The House Committee on Oversight and Reform on Monday prodded Credit Suisse CEO Thomas Gottstein for information after a news report suggested the Swiss international investment bank had urged investors to destroy information linked to Russian oligarchs.
Reps. Carolyn Maloney (D-N.Y.) and Stephen Lynch (D-Mass.) asked for Credit Suisse to provide information by next month following a report from the Financial Times that the bank asked clients last month to destroy information related to oligarchs’ assets in the face of potential sanctions, according to a copy of the letter viewed by Forbes and first reported on by the Wall Street Journal.
Credit Suisse admitted in a March 3 statement it did ask investors to “destroy confidential data,” but said it was “unrelated to the ongoing conflict in Eastern Europe.”
The bank is one of the few multinational companies to not announce significant changes to its Russian business dealings in the wake of the country’s invasion of Ukraine last month, though Bloomberg reported Monday that Credit Suisse is no longer seeking new business in Russia, according to an internal document.
Shares of Credit Suisse fell 3.1% to $7.90 TK amid more modest overall losses in Monday morning trading.
Credit Suisse declined to comment to Forbes, but pointed to its March 3 statement.
“This report raises significant concerns about Credit Suisse’s compliance with the severe sanctions imposed by United States and its allies and partners on the architects and enablers of Russia’s brutal and unprovoked invasion of Ukraine, including Russian President Vladimir Putin and oligarchs in his inner circle,” Maloney and Lynch wrote in the letter.
$1.1 billion. That’s how much exposure Credit Suisse has in Russia, the company said earlier this month.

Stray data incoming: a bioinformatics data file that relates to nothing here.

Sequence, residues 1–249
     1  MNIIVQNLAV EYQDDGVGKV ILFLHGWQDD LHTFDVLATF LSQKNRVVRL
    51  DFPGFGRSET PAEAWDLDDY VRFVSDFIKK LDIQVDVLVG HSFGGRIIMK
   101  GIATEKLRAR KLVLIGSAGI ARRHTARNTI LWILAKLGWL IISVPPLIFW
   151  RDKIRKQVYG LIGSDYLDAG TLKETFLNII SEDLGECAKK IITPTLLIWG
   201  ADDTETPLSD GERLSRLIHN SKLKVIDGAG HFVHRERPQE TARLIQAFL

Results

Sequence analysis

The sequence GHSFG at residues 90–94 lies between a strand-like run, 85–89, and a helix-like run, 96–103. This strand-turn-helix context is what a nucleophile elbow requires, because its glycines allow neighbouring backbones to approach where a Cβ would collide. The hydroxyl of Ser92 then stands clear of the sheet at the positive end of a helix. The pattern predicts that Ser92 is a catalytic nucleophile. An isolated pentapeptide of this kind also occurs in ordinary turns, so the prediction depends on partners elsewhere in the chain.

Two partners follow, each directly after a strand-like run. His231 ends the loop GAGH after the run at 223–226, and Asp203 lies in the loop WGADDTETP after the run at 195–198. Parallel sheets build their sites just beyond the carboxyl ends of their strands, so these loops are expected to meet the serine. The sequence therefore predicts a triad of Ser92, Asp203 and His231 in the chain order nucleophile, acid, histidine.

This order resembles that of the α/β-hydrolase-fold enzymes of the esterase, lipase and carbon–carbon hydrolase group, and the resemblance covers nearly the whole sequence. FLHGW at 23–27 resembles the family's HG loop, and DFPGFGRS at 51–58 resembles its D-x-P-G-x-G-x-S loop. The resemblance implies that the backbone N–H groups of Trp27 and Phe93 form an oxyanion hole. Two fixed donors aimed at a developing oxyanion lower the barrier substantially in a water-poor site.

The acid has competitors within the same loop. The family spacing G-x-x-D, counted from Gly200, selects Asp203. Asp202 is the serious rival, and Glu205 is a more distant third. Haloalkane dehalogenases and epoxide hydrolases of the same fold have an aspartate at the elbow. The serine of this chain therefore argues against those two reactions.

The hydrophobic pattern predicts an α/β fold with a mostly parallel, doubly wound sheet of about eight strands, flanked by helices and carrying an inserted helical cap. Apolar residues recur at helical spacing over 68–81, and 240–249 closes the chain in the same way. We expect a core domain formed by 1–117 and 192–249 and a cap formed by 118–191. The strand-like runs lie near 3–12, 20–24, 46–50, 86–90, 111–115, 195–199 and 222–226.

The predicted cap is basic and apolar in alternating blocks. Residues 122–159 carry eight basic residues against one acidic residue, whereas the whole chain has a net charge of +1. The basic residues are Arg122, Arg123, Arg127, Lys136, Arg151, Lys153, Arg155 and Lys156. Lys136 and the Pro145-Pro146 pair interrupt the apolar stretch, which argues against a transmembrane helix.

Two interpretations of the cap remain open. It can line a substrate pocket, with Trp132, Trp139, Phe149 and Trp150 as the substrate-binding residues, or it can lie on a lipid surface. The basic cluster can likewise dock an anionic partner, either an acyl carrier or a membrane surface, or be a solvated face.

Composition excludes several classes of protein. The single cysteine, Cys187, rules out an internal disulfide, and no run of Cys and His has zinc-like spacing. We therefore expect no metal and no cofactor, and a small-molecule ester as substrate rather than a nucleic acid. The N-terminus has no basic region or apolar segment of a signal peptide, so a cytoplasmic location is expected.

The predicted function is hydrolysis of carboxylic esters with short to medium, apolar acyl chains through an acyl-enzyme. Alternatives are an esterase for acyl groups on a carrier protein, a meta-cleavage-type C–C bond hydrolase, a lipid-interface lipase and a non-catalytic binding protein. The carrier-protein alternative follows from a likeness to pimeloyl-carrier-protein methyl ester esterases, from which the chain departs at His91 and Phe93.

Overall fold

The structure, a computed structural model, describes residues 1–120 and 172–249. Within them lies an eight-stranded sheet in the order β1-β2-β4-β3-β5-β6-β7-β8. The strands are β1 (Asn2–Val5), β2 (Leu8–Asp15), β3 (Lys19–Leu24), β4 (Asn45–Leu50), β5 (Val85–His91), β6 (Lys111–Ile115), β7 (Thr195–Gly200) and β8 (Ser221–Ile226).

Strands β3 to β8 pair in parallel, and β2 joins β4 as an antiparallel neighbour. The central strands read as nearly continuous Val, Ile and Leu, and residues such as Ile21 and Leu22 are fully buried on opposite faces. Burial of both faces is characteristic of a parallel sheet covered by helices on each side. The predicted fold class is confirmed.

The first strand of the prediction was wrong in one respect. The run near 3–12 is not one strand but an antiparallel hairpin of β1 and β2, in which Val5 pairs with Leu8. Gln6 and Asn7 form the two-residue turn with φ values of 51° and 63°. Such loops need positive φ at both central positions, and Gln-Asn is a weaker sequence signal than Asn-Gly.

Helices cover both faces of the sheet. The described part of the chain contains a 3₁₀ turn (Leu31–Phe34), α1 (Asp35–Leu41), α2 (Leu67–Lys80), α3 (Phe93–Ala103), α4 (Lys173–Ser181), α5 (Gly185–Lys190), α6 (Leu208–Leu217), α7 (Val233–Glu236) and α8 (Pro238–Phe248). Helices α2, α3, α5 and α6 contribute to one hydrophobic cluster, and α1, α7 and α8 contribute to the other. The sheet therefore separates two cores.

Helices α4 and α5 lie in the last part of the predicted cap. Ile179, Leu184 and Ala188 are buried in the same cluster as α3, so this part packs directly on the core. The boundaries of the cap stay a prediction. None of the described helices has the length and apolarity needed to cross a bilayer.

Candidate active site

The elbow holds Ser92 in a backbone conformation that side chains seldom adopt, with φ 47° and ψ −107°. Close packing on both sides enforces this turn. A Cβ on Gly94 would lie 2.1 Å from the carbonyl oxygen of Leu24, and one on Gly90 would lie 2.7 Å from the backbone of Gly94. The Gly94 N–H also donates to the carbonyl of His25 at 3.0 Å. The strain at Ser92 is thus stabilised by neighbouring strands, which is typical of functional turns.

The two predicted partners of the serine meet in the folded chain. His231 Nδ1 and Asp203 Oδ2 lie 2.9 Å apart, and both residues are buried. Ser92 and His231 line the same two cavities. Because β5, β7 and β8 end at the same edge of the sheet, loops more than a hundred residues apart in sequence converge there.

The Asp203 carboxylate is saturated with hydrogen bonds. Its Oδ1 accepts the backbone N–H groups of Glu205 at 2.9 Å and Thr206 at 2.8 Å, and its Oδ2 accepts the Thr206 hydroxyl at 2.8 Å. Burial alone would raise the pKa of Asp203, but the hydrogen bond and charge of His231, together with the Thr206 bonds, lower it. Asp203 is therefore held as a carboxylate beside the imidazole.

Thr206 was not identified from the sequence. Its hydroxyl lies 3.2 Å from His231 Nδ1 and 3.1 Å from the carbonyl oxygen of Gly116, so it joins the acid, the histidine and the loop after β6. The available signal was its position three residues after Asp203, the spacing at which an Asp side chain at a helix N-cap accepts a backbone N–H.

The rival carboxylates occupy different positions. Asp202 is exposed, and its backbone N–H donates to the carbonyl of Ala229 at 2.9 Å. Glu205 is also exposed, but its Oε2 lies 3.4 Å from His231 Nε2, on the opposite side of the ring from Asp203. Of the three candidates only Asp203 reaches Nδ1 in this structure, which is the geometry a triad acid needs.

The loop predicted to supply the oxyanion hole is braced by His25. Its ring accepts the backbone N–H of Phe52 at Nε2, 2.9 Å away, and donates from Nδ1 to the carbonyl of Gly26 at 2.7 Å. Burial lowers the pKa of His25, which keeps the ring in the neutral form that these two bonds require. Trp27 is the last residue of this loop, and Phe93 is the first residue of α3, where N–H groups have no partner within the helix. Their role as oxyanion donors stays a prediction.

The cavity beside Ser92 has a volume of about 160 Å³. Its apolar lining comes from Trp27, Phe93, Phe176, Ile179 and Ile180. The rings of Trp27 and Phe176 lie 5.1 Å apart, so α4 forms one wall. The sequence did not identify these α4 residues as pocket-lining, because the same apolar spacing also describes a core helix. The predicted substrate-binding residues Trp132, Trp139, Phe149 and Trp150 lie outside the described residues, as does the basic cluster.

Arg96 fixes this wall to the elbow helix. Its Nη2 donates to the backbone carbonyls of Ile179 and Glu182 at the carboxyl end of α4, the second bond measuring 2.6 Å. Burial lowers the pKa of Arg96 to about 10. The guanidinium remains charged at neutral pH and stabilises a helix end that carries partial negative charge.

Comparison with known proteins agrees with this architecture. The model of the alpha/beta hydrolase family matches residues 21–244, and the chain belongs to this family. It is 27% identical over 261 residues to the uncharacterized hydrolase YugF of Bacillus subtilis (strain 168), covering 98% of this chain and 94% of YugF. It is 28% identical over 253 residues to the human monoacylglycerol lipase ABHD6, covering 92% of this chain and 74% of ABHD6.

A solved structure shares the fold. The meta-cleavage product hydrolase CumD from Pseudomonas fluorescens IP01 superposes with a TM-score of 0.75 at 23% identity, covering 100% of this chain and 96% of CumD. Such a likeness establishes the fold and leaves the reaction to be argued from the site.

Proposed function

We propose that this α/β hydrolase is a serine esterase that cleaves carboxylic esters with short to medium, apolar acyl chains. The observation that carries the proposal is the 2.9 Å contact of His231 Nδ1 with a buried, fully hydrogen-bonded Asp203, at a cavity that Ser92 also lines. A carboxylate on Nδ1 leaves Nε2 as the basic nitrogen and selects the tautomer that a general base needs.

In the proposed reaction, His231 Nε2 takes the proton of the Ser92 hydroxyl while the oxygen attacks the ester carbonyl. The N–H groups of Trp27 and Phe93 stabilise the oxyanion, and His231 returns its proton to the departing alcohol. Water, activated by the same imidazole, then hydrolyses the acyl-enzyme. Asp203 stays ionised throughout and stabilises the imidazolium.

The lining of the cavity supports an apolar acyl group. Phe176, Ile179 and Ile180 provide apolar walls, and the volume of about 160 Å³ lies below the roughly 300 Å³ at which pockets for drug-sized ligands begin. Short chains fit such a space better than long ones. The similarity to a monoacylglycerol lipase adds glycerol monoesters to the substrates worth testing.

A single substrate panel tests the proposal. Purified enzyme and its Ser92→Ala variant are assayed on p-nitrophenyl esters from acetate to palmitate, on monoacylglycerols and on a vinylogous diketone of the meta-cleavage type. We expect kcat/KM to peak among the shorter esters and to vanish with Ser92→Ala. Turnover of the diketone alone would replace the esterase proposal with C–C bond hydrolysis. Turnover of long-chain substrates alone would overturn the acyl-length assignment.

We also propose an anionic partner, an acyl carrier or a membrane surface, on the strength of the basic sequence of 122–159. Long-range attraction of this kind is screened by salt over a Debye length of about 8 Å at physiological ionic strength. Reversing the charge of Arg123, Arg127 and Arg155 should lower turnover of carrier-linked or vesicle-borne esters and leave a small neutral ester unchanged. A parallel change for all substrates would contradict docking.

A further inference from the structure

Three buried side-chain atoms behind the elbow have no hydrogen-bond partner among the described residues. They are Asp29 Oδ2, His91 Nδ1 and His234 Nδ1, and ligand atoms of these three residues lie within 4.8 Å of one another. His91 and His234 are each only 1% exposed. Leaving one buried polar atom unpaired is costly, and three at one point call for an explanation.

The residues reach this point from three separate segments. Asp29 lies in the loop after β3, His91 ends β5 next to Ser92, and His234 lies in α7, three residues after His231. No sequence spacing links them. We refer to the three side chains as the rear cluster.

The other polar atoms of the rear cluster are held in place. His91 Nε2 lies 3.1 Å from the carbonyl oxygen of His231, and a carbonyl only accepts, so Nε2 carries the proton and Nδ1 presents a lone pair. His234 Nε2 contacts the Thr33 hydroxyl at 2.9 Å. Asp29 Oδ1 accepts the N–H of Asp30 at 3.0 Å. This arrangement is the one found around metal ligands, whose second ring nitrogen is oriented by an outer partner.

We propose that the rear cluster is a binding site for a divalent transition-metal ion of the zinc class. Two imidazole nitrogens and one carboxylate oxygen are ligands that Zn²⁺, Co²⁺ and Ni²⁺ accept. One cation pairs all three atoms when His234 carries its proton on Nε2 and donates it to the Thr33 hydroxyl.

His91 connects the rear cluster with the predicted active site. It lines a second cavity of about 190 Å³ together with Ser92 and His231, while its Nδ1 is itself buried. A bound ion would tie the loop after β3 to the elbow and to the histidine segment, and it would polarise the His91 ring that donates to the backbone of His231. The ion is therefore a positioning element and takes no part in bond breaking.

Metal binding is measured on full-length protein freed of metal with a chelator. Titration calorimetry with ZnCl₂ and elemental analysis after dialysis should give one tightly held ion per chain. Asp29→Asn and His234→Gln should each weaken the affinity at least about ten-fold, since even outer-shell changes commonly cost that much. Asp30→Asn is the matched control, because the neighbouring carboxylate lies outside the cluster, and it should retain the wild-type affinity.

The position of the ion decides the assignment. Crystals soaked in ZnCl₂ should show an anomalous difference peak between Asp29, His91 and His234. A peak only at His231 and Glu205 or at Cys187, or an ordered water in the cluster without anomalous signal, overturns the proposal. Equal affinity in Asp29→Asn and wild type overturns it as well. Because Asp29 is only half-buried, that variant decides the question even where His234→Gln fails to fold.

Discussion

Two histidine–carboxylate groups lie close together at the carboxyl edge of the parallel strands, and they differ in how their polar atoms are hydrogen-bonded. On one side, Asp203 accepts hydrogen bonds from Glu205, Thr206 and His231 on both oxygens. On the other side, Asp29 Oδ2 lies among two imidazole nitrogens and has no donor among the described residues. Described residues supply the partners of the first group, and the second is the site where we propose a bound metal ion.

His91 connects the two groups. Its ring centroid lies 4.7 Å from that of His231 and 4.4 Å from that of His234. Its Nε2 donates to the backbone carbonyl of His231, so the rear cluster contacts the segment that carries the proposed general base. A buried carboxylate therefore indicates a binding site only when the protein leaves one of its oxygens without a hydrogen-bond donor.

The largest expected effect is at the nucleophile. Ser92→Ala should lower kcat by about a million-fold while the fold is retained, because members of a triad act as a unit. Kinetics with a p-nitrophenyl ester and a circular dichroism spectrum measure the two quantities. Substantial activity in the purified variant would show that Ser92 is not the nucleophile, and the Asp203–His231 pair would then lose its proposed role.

The Financial Times reported March 2 that Credit Suisse asked investors February 28 – just four days after Russia invaded Ukraine – to destroy documents related to yachts, private jets and other assets from the bank’s clients, including oligarchs likely to face international sanctions. The documents were related to a so-called “synthetic securitization” deal aiming to protect its $2 billion loan portfolio of assets for ultra-wealthy clients, according to Maloney and Lynch. Credit Suisse froze about $5 billion in Russian money in 2018 in response to U.S. sanctions. Yachts, estates and private jets have become the target of international sanctions on oligarchs, and 25 Russian billionaires face sanctions that include an asset freeze.
Lawmakers Launch Probe of Credit Suisse Compliance With Russia Sanctions (Wall Street Journal)
Credit Suisse Stops New Business in Russia, Cuts Exposure (Bloomberg)
Credit Suisse asks investors to destroy documents linked to oligarch and tycoon yacht loans (Financial Times)
A Guide To The Private Jets And Helicopters Owned By Sanctioned Russian Billionaires (Forbes)